Objective. To explore the association between adequacy of prenatal care utilization and subsequent pediatric care utilization. Design. A longitudinal follow-up of a nationally representative sample of infants born in 1988. Participants. Nine thousand four hundred forty women who had a live birth in 1988, and whose child was alive at the time of interview, and 8285 women from the original sample who were reinterviewed in 1991. Main Outcome Measure. There were four outcome measures: number of well-child visits; adequate immunization for diphtheria, tetanus, and pertussis; adequate immunization for polio; and continuity of a regular source of care, as measured by the number of sites for pediatric care. Results. Children whose mothers had less than adequate prenatal care utilization had significantly fewer well-child visits, and were significantly less likely to have adequate immunizations, even after income, health insurance coverage, content of prenatal care, wantedness of child, sites of prenatal and pediatric care, and maternal and pregnancy risk characteristics were taken into account. Less than adequate prenatal care utilization was not associated with having more than one pediatric care site. Conclusions. Prenatal care utilization can be used to identify and target interventions to women who are at risk for not obtaining well-child care or complete immunizations for their children.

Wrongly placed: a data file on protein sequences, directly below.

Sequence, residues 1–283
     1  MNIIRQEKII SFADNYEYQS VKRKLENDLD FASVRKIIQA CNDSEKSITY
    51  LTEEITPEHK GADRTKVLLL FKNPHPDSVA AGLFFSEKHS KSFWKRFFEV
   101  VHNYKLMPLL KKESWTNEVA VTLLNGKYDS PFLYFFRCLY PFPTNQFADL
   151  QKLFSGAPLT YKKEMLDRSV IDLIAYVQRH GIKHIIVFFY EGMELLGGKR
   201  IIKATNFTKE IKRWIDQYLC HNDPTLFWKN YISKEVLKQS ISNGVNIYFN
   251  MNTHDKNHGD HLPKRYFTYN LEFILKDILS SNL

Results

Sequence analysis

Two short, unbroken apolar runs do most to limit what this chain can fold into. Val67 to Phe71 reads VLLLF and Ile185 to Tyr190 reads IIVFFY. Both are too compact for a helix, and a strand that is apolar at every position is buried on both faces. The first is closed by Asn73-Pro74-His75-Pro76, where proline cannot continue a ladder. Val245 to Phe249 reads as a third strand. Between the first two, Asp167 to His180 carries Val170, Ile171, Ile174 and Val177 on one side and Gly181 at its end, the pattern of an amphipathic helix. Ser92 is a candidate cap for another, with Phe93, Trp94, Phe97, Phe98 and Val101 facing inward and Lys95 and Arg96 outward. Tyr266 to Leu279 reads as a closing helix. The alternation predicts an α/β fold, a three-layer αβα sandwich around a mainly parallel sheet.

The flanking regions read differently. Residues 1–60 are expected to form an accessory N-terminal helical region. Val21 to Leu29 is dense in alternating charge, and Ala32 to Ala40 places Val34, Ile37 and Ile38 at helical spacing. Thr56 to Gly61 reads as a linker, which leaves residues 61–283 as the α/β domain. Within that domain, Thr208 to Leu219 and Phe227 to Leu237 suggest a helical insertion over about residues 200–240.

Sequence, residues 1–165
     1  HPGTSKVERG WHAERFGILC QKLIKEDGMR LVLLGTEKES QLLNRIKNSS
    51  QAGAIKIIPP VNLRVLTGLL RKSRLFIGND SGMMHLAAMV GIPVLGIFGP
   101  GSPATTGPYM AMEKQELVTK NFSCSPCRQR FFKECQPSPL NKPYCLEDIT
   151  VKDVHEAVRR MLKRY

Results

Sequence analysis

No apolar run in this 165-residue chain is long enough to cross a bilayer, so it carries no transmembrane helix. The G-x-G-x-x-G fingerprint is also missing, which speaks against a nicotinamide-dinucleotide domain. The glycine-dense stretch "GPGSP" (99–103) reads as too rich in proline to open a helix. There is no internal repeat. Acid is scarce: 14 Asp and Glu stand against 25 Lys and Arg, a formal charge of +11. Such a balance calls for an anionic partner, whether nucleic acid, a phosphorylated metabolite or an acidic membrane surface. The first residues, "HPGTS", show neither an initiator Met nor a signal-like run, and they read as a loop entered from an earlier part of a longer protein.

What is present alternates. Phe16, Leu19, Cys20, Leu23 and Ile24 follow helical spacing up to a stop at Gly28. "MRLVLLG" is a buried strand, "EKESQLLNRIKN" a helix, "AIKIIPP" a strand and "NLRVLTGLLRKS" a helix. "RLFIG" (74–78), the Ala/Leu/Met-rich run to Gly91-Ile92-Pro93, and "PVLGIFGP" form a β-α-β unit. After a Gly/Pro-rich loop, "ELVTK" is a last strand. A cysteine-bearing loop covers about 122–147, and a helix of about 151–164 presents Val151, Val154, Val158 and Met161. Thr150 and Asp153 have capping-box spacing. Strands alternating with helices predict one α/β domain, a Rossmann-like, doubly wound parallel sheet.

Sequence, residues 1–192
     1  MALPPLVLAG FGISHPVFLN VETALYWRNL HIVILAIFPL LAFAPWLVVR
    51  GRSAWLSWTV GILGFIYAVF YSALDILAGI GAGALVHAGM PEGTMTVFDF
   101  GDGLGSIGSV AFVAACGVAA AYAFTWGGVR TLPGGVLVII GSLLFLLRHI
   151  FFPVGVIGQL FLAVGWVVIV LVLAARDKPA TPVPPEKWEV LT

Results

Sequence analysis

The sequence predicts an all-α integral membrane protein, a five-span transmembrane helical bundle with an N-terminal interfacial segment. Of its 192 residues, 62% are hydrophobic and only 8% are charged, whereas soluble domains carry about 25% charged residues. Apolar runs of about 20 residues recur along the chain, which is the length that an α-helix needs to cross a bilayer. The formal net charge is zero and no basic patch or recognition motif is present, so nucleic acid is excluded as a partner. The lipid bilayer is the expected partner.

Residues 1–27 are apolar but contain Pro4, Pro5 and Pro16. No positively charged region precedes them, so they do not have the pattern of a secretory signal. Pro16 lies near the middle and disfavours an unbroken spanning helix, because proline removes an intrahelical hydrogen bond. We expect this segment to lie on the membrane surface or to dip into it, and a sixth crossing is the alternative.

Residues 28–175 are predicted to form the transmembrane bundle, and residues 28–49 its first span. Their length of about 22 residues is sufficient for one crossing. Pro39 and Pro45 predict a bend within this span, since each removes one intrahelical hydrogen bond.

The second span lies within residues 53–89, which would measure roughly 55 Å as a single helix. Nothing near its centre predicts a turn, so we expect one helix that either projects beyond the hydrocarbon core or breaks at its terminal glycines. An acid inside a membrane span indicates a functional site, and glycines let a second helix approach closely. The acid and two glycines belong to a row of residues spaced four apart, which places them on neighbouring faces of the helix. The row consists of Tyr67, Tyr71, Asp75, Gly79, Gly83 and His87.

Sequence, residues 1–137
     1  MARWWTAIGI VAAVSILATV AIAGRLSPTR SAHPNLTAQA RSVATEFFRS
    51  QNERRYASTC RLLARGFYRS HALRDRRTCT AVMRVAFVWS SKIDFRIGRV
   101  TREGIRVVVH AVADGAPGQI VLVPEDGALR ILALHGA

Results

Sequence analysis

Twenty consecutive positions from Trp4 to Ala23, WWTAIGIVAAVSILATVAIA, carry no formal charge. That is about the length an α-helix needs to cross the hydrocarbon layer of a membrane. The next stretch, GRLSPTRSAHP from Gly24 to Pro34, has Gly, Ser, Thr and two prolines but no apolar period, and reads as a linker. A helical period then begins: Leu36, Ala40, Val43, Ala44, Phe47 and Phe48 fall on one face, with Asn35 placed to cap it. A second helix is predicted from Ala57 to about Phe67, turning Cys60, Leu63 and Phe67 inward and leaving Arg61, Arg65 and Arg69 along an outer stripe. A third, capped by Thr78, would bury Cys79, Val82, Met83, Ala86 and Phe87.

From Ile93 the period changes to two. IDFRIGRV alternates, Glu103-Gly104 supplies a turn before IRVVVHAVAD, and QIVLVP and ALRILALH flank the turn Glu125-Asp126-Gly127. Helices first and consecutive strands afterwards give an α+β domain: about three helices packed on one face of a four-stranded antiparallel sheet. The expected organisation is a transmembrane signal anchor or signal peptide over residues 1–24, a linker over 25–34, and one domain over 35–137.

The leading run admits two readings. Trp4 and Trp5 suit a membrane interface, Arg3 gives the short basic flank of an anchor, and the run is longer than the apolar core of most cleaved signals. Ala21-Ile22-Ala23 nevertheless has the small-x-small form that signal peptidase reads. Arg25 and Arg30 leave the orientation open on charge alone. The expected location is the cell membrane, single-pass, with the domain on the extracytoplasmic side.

- Pediatric care utilization
- Prenatal care utilization
- Well-child care
ASJC Scopus subject areas
- Pediatrics, Perinatology, and Child Health